What’s so important about the alignment? Because the vinyl grooves are very narrow, it’s easy for the stylus to misread the information when the parts are not aligned properly. This creates distortion and less natural-sounding music that hums during playback. Fortunately, there are tools like Align It that make the process of getting the full sound out of your records on every playback.


Balance Your Tonearm for Optimal Performance

Balancing is not something that you will want to overlook when you choose a tonearm for your system.

Of course, you need to select a tonearm that fits your record player, but creating optimal-sounding music requires a balancing act that is not always easy to maintain. Once you balance your tonearm, vinyl records will sound much better with that warm, authentic sound that many audiophiles look for from their systems.  

If you've aligned your tonearm and still aren't getting the sound you're looking for, consider whether or not you've got the right turntable cartridge for your system.

Speaker Placement: Making the Most of Your Turntable Setup

One of the most overlooked aspects of a two-channel hi-fi system, or a multi-channel surround sound system is speaker placement. If you happen to be lucky enough to have a dedicated listening or theater room, getting the best sound will be easier. While it’s always sexier to talk about buying a new amplifier, a phono preamp, or another component, a little time moving your speakers will yield huge results. But we’re guessing most of you have your living room to use as a listening room, so we’ll help you tweak things accordingly.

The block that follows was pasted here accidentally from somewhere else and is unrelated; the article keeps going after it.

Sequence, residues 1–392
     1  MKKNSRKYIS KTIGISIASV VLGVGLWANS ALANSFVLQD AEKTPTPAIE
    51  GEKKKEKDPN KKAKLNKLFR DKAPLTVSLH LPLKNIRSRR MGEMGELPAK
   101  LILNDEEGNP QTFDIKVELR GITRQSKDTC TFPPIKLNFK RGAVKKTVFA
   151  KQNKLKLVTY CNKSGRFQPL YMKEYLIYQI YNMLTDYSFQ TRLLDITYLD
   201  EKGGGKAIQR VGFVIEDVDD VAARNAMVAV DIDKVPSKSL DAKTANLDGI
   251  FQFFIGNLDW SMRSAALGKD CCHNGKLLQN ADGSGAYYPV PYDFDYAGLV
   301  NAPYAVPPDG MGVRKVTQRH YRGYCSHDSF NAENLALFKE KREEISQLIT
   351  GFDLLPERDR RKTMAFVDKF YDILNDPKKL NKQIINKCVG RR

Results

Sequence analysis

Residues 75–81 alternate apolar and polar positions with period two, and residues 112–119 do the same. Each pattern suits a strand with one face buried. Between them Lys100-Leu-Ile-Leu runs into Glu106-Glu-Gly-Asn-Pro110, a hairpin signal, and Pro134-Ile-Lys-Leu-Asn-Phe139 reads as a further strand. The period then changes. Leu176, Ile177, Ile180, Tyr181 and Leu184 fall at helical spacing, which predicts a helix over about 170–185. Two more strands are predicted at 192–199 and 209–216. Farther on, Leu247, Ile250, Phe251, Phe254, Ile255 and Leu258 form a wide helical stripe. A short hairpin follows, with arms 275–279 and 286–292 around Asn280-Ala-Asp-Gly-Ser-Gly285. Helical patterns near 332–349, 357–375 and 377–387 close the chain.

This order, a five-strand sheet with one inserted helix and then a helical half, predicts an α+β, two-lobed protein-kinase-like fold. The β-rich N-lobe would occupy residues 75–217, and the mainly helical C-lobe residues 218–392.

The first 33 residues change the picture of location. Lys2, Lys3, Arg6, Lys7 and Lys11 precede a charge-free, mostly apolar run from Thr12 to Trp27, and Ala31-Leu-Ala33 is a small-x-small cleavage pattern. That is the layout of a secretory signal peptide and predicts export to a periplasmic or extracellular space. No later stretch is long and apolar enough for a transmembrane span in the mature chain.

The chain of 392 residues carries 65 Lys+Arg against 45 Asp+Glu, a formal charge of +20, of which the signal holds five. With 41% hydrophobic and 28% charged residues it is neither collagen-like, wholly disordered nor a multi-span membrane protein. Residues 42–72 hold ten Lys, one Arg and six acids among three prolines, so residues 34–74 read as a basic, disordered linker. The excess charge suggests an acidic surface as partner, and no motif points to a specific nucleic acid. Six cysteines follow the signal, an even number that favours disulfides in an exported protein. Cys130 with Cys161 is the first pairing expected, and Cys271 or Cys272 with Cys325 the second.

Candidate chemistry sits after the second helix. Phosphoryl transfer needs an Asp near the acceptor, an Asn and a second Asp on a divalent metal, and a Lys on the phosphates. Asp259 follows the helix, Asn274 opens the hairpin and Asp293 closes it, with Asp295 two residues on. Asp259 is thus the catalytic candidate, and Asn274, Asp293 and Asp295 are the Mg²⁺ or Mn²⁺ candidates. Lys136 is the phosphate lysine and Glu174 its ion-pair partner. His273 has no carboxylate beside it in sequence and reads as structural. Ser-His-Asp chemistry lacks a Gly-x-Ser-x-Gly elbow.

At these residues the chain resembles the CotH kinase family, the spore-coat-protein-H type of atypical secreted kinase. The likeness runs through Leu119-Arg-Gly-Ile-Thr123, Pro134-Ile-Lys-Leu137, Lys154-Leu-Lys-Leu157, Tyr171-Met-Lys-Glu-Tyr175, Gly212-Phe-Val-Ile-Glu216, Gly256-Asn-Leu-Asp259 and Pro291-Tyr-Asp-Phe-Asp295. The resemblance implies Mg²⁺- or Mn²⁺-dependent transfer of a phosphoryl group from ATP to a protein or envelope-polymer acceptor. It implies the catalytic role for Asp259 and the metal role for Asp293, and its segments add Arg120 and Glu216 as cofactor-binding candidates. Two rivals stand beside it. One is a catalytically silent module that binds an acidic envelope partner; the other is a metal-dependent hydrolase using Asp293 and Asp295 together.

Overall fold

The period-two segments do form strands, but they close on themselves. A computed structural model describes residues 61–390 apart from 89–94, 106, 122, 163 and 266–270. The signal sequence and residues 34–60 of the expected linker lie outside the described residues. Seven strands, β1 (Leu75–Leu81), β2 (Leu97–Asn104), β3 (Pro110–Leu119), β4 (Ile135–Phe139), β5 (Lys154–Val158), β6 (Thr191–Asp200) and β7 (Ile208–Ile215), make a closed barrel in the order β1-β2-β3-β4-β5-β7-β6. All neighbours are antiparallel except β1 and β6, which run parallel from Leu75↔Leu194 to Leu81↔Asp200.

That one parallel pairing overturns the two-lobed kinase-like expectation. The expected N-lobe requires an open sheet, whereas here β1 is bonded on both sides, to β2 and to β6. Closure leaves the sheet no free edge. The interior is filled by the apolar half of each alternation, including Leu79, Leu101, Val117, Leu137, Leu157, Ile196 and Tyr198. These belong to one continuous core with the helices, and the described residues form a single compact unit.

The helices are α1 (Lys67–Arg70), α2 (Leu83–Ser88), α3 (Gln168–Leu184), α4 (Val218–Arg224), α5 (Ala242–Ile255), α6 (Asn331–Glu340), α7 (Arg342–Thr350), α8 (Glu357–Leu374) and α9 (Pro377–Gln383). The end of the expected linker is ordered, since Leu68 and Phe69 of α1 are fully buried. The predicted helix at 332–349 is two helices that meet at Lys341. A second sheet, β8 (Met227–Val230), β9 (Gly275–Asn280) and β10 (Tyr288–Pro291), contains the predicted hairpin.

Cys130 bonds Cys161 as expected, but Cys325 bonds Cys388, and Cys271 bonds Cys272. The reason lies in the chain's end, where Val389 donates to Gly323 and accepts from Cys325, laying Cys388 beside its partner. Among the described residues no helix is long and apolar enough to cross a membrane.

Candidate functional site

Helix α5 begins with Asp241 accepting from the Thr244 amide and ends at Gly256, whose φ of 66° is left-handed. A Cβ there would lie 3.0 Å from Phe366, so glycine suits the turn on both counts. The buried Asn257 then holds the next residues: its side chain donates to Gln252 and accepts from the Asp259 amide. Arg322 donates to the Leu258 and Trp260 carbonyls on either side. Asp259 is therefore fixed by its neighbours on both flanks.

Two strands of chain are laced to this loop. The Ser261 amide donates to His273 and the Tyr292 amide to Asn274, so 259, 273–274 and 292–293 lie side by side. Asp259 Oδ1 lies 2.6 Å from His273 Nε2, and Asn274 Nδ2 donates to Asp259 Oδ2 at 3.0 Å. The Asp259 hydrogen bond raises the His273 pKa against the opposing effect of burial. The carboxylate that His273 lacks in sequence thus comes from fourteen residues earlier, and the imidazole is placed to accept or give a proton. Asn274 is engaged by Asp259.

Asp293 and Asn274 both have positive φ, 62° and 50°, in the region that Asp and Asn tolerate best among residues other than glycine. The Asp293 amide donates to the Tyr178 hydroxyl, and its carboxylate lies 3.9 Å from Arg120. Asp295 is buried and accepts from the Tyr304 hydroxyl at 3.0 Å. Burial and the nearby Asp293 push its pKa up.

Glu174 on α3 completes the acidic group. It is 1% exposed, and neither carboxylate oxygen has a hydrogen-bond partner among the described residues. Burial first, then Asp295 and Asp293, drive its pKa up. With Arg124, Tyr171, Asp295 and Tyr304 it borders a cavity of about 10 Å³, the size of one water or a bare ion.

We’ll put our emphasis on setting up a pair of speakers in a traditional two-channel system for now. These principles apply to a surround sound system, but this is a different listening experience and works with more speakers. Because most surround/home theater systems usually use some kind of sound processor in their central core, precise speaker placement isn’t quite as critical as it is in a two-channel setup.